Even before the pandemic pushed for a rapid amplification of remote communications and digital media students have been researching the structure, use, and impact of digital media. For students engaged in East Asian studies the opportunities to present and discuss findings has a home at the UW Tateuchi East Asia Library (TEAL) thanks to Azusa Tanaka, the Japanese collection librarian. This is an informal gathering, held on the last Monday of the month, at which people interested in the use of digital scholarship methods in East Asian studies share projects and ideas.
This autumn quarter included Lauren Hwayoung Lee (Ph.D Student, Japan Studies): Text analysis project on Japanese news editorials, and Professor Clair Yang (Jackson School of International Studies): A conversation on digital scholarship.
Students and faculty may contact Azusa and sign up on-line HERE.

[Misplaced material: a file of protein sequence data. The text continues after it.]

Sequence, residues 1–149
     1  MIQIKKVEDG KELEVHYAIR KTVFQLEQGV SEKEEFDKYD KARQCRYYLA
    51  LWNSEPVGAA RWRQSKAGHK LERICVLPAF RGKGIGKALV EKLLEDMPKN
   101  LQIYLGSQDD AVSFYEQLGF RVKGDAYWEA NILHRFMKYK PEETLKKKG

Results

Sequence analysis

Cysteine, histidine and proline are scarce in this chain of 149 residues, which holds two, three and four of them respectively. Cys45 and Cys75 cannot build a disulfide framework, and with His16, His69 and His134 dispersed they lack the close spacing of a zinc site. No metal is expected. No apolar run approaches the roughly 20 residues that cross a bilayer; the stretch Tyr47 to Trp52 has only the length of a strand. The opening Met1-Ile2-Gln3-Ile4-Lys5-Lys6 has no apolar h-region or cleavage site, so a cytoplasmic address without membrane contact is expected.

Tanaka’s own focus on digital scholarship — in the form of access — resulted in winning of the 2019 Library Journal ‘Innovators’ award for her work in developing an online, searchable compilation of finding aids for 156 multivolume (two to 100) Japanese-language sets held in academic libraries around the United States. Tanaka “has almost single-handedly advanced Japanese studies librarianship in the [United States],” says nominator Daniel McKee, Japanese bibliographer at Cornell University Library, “setting up systems for enhanced discoverability that will have positive repercussions on [cutting-edge] research for decades to come.”